Sadly, the userbase of Steem cannot grow because the inflationary faucets have greedy whales drinking up all the inflation, and thus the social media side of Steem is prone to being mostly an illusion of wealth creation. Nobody is getting paid, really, the pie is just being divided into smaller and smaller pieces, and for most of Steem's existence the whales have been absorbing nearly all of that inflation.
The mechanism of staking, or powering up your Steem is a way to hide the inflation and keep it out of circulation, as powering up your Steem allows you to earn more Steem through curation, or through other means. Again though, this only works if Steem is constantly bringing on board new users, and retaining those users. Trying to convince Steem holders to power up their Steem only acts as a band-aid, an attempt to slow the inevitable end that all fiat currencies face. Make no mistake, Steem is a kind of fiat currency, backed by nothing more than confidence in the profitability of Steem. But like any pyramid scheme, Steem requires new wealth flowing into it from the outside, because Steem does not create new wealth on it's own. It's like a sponge; a sponge doesn't create water, it soaks it up and holds it. The more you can get people to power up their Steem, the better Steem is able to retain external wealth instead of people cashing out.
If I'm being completely honest, I think Steem (the social media side of Steem, not the DApp side) is a dumpster fire. The crypto community tends to see Steem in the same manner, having to plug their noses every time they get a whiff.
Is it too late for Steem to turn the course around and actually deliver what it promises to new users? I would like to think it can, but after a few years and repeated attempts to stop the misuse of the platform, I have strong doubts that Steem will ever be anything more than a launch pad for DApps, and I'm not upset about this at all. I bring up Splinterlands only as an example, but there are other games, apps, sites, etc attached to Steem that have real value. I can only speculate why Steem Monsters was rebranded to Splinterlands, but logic says that if Steem had any real value, then it would make more sense to keep the name Steem Monsters.
But it is really the other way around. Steem desperately needs the value that comes from these DApps, in order to add value to Steem. As I've said, there is not much value in the social media side of Steem; there simply is no market for it. The internet is saturated with websites offering censorship-free environments, and many using their own crypto. Does it matter if Steem did it first? Normally I would say yes, except that the business model of Steem has proven to be a failure without branching out to DApps and Smart Media Tokens (the latter of which is long overdue and probably antiquated by the time SMT's launch).
Please understand that this post is not about how we feel about Steem. I feel deeply about Steem because of it's potential, but I know that Steem's potential has been squandered thus far. Whether that potential is realized in the future depends on events in the real world, and whether a large enough demand will exist for what Steem purportedly offers. I'm afraid that by that time there will be better options out there. In fact, I'm afraid there already is.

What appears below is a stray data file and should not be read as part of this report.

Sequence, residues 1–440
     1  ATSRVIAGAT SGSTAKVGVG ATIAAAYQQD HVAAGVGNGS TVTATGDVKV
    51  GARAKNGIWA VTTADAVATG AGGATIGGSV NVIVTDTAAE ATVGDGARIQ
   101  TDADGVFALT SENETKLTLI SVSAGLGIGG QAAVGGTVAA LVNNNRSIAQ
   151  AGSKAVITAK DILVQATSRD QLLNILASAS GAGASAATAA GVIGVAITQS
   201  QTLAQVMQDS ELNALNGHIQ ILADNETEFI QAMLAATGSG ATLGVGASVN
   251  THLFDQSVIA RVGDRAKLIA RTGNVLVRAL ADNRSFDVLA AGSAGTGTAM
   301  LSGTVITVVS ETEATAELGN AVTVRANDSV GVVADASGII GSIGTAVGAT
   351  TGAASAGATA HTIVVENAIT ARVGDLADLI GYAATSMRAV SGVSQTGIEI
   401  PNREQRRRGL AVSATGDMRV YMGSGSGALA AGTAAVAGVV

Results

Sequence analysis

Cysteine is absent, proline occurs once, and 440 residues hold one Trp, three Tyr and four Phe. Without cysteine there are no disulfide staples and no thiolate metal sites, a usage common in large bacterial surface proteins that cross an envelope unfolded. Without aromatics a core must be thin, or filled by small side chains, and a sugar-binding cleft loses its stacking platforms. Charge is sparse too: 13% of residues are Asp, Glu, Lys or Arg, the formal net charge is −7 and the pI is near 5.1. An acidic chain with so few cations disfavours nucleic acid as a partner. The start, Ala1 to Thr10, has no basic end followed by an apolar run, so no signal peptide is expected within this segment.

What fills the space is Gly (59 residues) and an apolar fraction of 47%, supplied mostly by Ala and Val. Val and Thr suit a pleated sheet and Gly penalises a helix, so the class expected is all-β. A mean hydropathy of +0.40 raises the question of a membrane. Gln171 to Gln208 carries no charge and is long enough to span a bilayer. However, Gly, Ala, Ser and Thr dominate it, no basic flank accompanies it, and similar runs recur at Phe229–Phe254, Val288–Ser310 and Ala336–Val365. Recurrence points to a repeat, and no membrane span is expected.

For me, I will park my Steem as liquid, powering it down, and taking my profits during the next (and possibly last) bull run for Steem. It's not much, I have maybe 20K across multiple accounts and through staking, but its a small portion of my portfolio overall. Steem is a fun investment, something interactive to be a part of. Now that I've had time to watch Steem operate from a business angle, and to analyze where (if any) value exists on the platform, I have my answers and must act on the same instinct that drives the whales on Steem to destroy the very thing they bought into. Ironic really.
There is a place for centralization, and there is a place for decentralization. I think Steem is a great idea, and the currency itself has a very bright future in my opinion, but not for social media. It's too volatile, manipulated and at the same time too inflexible for big content creators to consider. Youtube is a flaming mess, so 3speak is definitely in the right place at the right time, and I am stoked to see how they do in the long term. Steempeak is a nice robust site that makes steemit.com look like a first year programming student wrote it. So much potential everywhere, yet I see that the base platform of Steem is an illusion that relies on market bull runs to attract and retain new users.
Anyway, I'm going in circles now, and if anyone actually reads this I'm sure there will be people that disagree. On a sentimental level I disagree with much of what I just wrote, but I'm hard-wired from years of operating business and studying trends to peel back the layers of sentiment and examine the engine underneath the hood, so to speak.
For those who hold onto their Steem long term, you will be glad you did. I'm likely going to keep a few thousand Steem powered up because there are big things coming, but I can't justify losing tens of thousands of dollars of potential profit on the hopes that human nature will change in the short term, because it won't.
As always, thanks for reading. Please stay safe, keep your head up, and take care of those closest to you. Tell them you love them (if you do), and don't get too greedy - greed is your worst enemy.